Fort Wayne Animal Care and Control / Facebook
Two women from Indiana thank modern technology for helping them find their beloved dog eight years after she went missing.
Cara Seiler and Kailey Kuntz first adopted Kemo, a Blue American Bulldog / Pitbull mix, as a puppy. Sadly, the happy family broke up when the puppy went missing in 2013 when he was only 2 years old.
“We had always hoped. We never really stopped looking,” Seiler told ABC21 this week. “We were always looking at ‘Found Pet’ messages all over the place just to see if it was him.”
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On Tuesday, the couple received the call they had been eagerly awaiting for nearly a decade: Kemo had been found!
“And I’m like, ‘What? What do you mean they have Kemo?'” Seiler exclaimed. “He said to me ‘They have Kemo. You have to call them.'”
Fort Wayne Animal Care and Control / Facebook / Facebook
In a Facebook post on Wednesday, Fort Wayne Animal Care and Control said Kemo was brought to the facility as a stray. It wasn’t until the dog was scanned for a microchip that the incredible discovery was made.
Seiler said the two cried “all the way from Auburn to Fort Wayne”.
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“I can’t describe it. I can’t,” Seiler told ABC21 of when they got together. “And he knew who we were the second we walked in the door. So that’s what made him even more surreal.”
“We are delighted that Kemo is finally reunited with his family! It was such a heartwarming moment to watch and we are so happy that Kemo has a microchip to make this moment possible,” the shelter wrote on Facebook.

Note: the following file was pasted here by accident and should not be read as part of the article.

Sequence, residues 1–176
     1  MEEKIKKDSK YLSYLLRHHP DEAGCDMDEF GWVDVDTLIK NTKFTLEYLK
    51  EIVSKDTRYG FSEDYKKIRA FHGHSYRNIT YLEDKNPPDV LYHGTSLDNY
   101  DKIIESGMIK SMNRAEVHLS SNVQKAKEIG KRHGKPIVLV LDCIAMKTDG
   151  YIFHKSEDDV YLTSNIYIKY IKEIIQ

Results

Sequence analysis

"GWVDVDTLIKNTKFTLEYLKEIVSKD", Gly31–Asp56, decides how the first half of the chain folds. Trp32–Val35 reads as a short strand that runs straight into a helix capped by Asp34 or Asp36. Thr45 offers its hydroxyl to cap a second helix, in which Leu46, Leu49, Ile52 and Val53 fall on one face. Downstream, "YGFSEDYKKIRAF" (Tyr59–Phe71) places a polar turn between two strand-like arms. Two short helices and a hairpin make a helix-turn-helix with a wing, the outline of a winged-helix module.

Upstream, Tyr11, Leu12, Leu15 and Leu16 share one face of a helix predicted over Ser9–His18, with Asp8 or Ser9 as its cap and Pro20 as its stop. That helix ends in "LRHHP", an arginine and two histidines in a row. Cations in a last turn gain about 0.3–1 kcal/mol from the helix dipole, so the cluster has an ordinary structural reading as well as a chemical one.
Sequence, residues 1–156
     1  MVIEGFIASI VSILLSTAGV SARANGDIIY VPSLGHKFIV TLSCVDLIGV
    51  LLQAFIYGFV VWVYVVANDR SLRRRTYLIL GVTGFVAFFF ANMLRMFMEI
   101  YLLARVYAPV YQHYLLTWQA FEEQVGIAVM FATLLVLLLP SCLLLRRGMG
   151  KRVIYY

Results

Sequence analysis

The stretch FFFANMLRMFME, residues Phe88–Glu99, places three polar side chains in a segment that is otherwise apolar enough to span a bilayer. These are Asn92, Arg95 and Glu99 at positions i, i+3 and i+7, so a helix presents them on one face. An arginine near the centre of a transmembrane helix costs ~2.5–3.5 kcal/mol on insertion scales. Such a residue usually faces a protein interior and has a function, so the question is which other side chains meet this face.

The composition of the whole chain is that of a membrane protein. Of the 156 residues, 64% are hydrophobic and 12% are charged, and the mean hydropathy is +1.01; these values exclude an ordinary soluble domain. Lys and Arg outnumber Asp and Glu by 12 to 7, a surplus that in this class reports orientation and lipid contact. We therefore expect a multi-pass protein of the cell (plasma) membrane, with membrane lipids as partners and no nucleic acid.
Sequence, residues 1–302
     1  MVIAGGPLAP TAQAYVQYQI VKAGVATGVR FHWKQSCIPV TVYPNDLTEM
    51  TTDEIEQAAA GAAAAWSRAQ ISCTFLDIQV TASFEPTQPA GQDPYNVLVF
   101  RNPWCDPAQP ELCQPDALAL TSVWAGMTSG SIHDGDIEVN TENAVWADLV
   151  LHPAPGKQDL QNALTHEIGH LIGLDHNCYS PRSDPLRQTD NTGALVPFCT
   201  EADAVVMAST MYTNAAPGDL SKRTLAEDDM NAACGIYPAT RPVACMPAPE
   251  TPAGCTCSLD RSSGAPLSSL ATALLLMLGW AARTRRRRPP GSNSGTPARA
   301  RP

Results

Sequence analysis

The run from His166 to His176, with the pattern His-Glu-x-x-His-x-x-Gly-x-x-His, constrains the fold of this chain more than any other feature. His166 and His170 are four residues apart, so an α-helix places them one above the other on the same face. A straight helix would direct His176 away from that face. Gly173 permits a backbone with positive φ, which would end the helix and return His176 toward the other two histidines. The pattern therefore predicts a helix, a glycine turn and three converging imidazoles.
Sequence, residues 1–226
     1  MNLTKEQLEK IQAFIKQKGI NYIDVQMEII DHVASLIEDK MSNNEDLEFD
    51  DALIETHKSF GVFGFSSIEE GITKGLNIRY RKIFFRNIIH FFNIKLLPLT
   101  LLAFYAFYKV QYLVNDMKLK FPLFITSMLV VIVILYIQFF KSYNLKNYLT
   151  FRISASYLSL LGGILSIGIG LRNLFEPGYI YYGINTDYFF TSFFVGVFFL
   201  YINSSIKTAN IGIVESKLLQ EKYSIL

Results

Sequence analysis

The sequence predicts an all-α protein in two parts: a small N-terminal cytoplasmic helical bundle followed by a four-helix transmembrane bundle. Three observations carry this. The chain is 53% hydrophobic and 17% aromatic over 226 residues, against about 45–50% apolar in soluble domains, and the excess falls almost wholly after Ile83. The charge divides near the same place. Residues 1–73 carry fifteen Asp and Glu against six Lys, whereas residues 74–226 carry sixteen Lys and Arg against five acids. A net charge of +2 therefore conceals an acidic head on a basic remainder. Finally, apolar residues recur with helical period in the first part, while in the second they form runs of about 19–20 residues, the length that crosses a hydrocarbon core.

Holly Pasquinelli of FWACC said this meeting is the longest she’s seen at the center due to a microchip, and that staff were delighted to help reunite Kemo and his owners.
“We were so happy that this dog who had gone missing and had probably given up hope was finally able to return home,” Pasquinelli told ABC21 via a video call.
As Kemo went missing, Seiler and Kuntz started their own animal rescue in Waterloo called “Canine Haven”. All rescues brought to the facility are microchipped so families can reunite with lost pets like them.
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The FWACC also encourages pet owners to chip their furry friends.
“We hope this story inspires everyone who has lost a pet to never give up hope! We also urge everyone to microchip your pets in case they ever get lost,” the shelter wrote in his Facebook post.
“It’s so important that your pets get microchipped because it’s a permanent form of identification that will never fall off, never go away and never leave,” Pasquinelli told ABC21.